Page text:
G | 2h 17min | Drama | 1956
Gary Cooper’s “High Noon” (1952) merely touched on themes of Quakerism, pacifism, and fatalism, and how they relate to state-sanctioned attack or defense. Another of his movies, “Friendly Persuasion” (1956), explores these more deeply, more lightheartedly and, uniquely, from a Quaker’s perspective.
Jess Birdwell (Cooper) heads a Midwestern farming family of Quakers. His wife Eliza (Dorothy McGuire), adult daughter Mattie (Phyllis Love), adult son Josh (Anthony Perkins), and preteen son “Little” Jess (Richard Eyer) want nothing more than to continue the Indiana peace and quiet they’ve enjoyed all their lives. But America’s 19th-century Civil War has other ideas.
As the war affects their home, it challenges in different ways how each family member responds to violence, not just the idea of it. It also tests and clarifies their understanding of courage and care.
Eliza’s the sternest Quaker of the lot. Although her family teases her about her rectitude, they abide by her austerity: no fighting (let alone killing), no singing, no dancing, and no music. Not that she’s incapable of having fun. She relishes dancing, but she suppresses those desires the most, while the other family members, shall we say, suppress them less.
Jess can’t wait to shoot a rifle, sing a hymn, play the organ, race horse-carriages. Mattie can’t wait to be courted by a young man; as if in response, Union officer Gard Jordan (Peter Mark Richman) obliges. Josh can’t wait to test his beliefs, if only to discover what they are. “Little” Jess can’t wait to grow up and be a man who’ll protect and provide for his family, just as he sees grown men do.
Both Sides NowWilliam Wyler took Jessamyn West’s book “The Friendly Persuasion” seriously enough to both produce and direct the movie adaptation, but thankfully, not too literally. Sadly, some critics accuse his film of justifying or glorifying righteous violence. It probably does the opposite.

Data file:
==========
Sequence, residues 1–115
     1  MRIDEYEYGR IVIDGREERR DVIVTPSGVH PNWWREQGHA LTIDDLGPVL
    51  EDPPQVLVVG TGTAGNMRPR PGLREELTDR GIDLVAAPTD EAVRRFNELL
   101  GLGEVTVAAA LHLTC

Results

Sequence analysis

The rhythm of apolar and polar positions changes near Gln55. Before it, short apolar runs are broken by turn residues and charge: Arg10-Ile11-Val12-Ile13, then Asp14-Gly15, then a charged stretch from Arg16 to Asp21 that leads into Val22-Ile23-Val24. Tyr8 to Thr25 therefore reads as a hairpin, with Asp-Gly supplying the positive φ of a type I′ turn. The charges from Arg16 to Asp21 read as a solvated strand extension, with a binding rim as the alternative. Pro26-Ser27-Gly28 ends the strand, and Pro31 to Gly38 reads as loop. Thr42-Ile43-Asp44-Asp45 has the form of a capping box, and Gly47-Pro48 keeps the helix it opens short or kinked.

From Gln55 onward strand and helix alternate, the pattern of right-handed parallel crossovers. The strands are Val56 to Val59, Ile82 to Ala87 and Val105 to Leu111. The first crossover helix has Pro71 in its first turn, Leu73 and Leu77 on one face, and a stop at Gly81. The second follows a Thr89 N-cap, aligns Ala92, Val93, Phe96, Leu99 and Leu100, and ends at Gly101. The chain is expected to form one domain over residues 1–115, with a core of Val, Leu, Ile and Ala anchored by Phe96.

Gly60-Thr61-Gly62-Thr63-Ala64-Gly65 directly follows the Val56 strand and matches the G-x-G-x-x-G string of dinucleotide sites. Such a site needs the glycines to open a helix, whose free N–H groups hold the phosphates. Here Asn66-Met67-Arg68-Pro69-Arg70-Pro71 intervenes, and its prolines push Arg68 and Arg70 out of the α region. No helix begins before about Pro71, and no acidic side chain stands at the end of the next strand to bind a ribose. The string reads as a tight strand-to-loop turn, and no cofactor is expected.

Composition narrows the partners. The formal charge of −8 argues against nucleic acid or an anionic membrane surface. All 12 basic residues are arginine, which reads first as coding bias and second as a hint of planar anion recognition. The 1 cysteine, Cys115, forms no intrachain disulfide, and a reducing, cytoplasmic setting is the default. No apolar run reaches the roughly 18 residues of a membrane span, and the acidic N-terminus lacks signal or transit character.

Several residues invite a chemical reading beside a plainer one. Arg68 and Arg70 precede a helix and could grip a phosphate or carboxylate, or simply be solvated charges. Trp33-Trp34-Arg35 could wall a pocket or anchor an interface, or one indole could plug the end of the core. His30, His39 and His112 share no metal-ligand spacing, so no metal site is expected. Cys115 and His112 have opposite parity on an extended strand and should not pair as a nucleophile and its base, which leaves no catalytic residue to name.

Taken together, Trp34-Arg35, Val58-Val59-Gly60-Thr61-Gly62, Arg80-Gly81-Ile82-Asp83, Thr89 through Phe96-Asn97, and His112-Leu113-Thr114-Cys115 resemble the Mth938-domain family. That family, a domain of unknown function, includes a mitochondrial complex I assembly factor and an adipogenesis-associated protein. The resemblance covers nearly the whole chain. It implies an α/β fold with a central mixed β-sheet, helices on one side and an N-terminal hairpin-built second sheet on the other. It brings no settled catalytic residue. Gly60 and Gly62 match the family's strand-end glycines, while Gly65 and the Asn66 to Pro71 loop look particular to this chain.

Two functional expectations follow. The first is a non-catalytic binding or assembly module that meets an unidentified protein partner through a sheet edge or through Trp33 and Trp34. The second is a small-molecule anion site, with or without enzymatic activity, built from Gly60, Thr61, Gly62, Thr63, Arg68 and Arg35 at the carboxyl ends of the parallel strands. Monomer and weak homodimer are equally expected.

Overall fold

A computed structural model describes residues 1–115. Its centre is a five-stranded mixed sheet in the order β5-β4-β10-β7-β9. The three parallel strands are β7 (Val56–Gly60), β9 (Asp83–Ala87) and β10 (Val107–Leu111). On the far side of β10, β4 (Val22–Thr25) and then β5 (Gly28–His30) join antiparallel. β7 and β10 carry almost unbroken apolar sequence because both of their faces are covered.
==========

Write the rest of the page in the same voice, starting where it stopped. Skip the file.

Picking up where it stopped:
Yes, there’s a bit of Wyler spoofing Quakers whenever the impish “Little” Jess lightens the seriousness that surrounds him. But Wyler’s message remains profound. Some Quakers struggle to stick to a path they’ve chosen or one chosen for them by elders—some happily, others less so—and still others veer from it now and then. Yes, some stand by, while others die to protect them. One Union officer, limping from war wounds, scolds a sullen Quaker church congregation: “How many of you are hiding behind your church to save your skins?”
But Wyler isn’t out to prove Quakers wrong and everyone else right. He’s showing how both sides have their merits (and faults). It’s just that each side sees too much of the other’s faults (and too little of their merits).
Both sides show resolve, restraint, even regret. The rebels gate-crashing the Birdwell farm don’t exploit Eliza’s hospitality beyond a point; history tells us what ransacking men are capable of doing in real life to helpless women and children. Sam takes up arms so Jess won’t have to, but longs for a time when arms will be redundant. Josh impulsively volunteers to fight, but it’s Gard who counsels him to talk it over with his folks before deciding.